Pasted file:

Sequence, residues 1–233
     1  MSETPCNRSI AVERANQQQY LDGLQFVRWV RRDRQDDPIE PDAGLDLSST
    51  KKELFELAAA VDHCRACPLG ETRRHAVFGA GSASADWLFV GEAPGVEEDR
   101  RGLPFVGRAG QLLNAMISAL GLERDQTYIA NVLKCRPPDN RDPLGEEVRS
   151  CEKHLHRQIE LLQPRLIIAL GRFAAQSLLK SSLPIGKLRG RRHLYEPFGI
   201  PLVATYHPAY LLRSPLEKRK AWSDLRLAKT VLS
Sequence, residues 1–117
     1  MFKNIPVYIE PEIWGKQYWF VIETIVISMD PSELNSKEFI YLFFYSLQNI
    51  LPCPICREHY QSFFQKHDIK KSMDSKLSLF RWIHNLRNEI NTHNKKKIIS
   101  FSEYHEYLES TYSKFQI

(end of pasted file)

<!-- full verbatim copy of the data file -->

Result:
Sequence, residues 1–233
     1  MSETPCNRSI AVERANQQQY LDGLQFVRWV RRDRQDDPIE PDAGLDLSST
    51  KKELFELAAA VDHCRACPLG ETRRHAVFGA GSASADWLFV GEAPGVEEDR
   101  RGLPFVGRAG QLLNAMISAL GLERDQTYIA NVLKCRPPDN RDPLGEEVRS
   151  CEKHLHRQIE LLQPRLIIAL GRFAAQSLLK SSLPIGKLRG RRHLYEPFGI
   201  PLVATYHPAY LLRSPLEKRK AWSDLRLAKT VLS
Sequence, residues 1–117
     1  MFKNIPVYIE PEIWGKQYWF VIETIVISMD PSELNSKEFI YLFFYSLQNI
    51  LPCPICREHY QSFFQKHDIK KSMDSKLSLF RWIHNLRNEI NTHNKKKIIS
   101  FSEYHEYLES TYSKFQI